Run With Scissors

“Ironically, being risk averse may be the biggest risk of all.”

Authority, Autonomy and Accountability: Defense Fielding Principles for Innovation and Speed to Mission, June 2017

Accelerating a program exposes the effort to some risks and mitigates other risks. Program leaders should therefore be mindful of the positive and negative impacts acceleration can have on the program’s risk profile.

On the positive side, acceleration can reduce the risk of delivering systems that are technologically obsolete or late-to-need. Acceleration can also reduce the risk of waste associated with delays. Shortening the development cycle time helps teams learn faster and thus reduces the risk of uninformed decision-making. Accelerated programs tend to have a greater degree of personnel stability, which reduces the risk of losing key personnel and reduces the cost of on-boarding new personnel. Faster programs are less likely to be impacted by changes to the threat environment or changes in technology, and thus are less likely to deliver a system that is operationally irrelevant, technologically obsolete, or both.

On the negative side, going too fast can lead to hasty decision-making and cutting corners inappropriately. An accelerated team has a heightened risk of overlooking a crucial step in the process, overlooking a valuable opportunity, or of making a decision without the benefit of a critical piece of information. Going fast can also increase the risk of burnout, so program leaders should make sure the pace is sustainable.

Program leaders must therefore have thoughtful conversations about how speed affects the risk items on their watch list. It is important to recognize that acceleration can be an important part of a risk reduction strategy, and should not be viewed simply as a high-risk proposition. Program leaders must take steps to ensure the acceleration strategy is aligned with the program’s overall risk appetite, and should encourage “speed with discipline” as a guiding principle.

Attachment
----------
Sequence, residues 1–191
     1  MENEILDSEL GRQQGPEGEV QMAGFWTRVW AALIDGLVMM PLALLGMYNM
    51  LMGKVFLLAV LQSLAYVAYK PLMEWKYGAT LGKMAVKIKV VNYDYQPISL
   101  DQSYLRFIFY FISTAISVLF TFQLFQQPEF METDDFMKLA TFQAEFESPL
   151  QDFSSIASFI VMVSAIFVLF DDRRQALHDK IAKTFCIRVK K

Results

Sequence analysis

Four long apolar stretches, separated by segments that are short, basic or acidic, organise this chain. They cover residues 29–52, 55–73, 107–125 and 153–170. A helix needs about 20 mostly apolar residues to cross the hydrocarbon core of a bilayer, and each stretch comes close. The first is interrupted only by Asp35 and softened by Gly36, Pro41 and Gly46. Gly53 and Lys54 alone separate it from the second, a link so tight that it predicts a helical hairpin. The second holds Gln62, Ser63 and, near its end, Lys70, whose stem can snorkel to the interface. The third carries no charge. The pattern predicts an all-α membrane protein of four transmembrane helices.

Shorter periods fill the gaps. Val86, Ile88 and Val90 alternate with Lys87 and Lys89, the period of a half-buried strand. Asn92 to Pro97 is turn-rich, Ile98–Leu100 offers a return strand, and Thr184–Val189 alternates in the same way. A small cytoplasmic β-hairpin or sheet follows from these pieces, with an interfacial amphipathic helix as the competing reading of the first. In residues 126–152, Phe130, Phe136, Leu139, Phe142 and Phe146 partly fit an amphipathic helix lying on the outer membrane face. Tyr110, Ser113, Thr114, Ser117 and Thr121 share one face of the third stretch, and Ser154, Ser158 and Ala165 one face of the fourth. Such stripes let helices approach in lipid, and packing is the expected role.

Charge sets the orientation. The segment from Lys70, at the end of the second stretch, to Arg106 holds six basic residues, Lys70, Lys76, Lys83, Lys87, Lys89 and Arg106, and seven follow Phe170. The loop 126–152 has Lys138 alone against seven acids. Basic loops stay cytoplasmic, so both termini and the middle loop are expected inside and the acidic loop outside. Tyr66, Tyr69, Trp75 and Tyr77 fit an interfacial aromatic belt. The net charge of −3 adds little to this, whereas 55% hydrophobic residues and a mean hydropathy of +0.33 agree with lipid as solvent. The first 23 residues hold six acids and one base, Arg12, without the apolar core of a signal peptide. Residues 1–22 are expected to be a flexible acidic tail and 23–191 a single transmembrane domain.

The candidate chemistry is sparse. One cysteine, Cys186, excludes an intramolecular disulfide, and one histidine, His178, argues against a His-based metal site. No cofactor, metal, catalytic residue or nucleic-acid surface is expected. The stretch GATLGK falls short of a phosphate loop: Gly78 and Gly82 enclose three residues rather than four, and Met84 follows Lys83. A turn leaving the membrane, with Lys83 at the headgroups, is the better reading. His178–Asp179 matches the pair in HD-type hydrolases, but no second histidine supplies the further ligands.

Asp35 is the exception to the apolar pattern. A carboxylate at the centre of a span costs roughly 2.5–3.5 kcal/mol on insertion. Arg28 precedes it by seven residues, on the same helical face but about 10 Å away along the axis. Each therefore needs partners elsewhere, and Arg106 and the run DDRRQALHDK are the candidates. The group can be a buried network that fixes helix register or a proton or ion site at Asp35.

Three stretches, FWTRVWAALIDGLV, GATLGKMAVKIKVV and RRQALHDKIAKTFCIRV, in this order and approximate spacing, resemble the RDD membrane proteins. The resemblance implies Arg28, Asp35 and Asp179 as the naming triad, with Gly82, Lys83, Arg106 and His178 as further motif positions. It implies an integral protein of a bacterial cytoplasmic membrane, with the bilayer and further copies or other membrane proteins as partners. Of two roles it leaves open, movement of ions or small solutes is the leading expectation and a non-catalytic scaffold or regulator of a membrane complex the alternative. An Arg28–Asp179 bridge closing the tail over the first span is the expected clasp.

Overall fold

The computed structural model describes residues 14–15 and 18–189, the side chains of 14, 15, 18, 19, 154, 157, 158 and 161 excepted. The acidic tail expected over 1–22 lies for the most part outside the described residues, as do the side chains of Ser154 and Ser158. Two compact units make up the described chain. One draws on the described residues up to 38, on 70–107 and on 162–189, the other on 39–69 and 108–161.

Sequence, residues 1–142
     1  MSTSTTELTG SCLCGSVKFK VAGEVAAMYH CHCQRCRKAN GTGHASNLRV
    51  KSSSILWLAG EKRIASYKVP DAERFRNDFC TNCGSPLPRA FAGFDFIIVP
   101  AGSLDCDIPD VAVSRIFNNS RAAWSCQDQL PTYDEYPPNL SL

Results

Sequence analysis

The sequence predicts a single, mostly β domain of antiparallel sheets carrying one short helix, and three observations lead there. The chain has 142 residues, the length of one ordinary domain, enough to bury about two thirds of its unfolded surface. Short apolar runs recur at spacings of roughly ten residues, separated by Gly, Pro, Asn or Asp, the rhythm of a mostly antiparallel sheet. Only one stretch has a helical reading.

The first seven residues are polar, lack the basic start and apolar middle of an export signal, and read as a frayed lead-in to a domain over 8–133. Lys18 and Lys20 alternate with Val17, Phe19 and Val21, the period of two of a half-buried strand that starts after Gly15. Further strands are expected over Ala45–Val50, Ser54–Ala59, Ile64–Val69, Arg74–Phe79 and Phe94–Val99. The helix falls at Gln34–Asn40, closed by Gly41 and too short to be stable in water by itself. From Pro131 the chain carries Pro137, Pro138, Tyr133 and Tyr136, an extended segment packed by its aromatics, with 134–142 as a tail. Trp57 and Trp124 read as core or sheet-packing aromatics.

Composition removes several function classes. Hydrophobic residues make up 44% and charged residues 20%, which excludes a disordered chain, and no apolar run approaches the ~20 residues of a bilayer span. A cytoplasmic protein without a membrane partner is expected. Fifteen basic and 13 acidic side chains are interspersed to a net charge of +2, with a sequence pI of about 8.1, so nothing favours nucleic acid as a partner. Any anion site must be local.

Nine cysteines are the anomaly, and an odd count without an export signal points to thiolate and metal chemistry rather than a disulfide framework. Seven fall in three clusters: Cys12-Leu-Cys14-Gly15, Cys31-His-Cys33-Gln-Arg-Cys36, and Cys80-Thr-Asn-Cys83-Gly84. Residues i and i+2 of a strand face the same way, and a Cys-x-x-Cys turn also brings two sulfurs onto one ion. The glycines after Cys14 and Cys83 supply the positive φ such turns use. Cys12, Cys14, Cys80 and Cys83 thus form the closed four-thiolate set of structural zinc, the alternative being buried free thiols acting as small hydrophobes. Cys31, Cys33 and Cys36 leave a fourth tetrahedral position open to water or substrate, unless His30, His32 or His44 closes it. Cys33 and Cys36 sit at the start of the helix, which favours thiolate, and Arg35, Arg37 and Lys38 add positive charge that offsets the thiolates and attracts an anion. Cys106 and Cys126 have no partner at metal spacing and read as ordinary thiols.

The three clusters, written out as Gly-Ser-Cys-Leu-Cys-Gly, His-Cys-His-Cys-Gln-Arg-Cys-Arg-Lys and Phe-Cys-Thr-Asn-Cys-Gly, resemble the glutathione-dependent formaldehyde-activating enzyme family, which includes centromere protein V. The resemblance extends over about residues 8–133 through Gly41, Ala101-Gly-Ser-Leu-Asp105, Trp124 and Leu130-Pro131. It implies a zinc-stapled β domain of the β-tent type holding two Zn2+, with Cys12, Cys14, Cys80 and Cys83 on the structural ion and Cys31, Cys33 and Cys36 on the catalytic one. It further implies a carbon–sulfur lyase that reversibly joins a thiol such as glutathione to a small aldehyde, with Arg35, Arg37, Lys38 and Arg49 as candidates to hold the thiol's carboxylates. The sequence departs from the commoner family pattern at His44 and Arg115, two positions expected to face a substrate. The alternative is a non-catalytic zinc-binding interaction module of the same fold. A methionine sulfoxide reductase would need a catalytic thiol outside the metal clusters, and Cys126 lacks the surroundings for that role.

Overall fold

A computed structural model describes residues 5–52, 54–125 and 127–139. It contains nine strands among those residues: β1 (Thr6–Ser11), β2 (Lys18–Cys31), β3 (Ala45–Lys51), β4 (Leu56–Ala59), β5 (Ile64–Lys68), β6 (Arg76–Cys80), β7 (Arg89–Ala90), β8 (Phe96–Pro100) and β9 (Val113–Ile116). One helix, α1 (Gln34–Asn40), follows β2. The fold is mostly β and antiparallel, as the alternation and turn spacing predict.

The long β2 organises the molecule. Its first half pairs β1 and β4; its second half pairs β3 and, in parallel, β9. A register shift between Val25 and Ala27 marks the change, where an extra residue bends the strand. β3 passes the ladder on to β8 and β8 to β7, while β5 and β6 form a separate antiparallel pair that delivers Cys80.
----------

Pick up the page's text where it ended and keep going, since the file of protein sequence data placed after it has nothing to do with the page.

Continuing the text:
Spencer said he looked into why surface ship maintenance availabilities take so long, and he found that a typical Naval Sea Systems Command employee overseeing an availability might only be able to spend $5,000 to fix a problem, and anything more expensive requires going up the chain of command, awaiting approval, moving paperwork around – all of which takes time and money. Spencer said he increased that authority to $25,000, and throughput increased by 25 percent. After seeing that success, he said he bumped up the dollar limit to $100,000.

Yes, someone’s going to fall off the bike. Someone is going to go out and buy four cases of beer and pizza with all the best intentions in the world and violate a law; I understand that. But you know what, we’ve had a conversation with our overseers saying, if you want me to pedal fast, I’m going to come in front of you with some skinned knees.

Don’t bang your head against the wall trying to innovate. Look outside your cubicle, find a best practice or an innovation outside the building – it’s what we call R&D .. rip off and deploy it. Steal it – I say that legally; break glass, not laws

Richard Spencer

Secretary of the Navy

Actions You Can Take
  • Define your project’s risk appetite. Get specific about the level of risk the team is willing to take and the types of risks that are most acceptable. 
  • Discuss how an acceleration strategy can reduce risk to the program. For example, delivering on a shorter timeline may reduce the likelihood of legacy systems failing.
  • Watch and discuss this video about risk and failure with your team.
  • Read and discuss some of the references below with your team.
  • Assess the risks and opportunities introduced by an accelerated strategy. Recognize that going faster might introduce new risks, so have an honest conversation about what those might be.
  • Mitigate the negative impact of acceleration by applying the relevant risk mitigation methods described on this page and the attached references.
  • Contact an Accelerator SME for support. 
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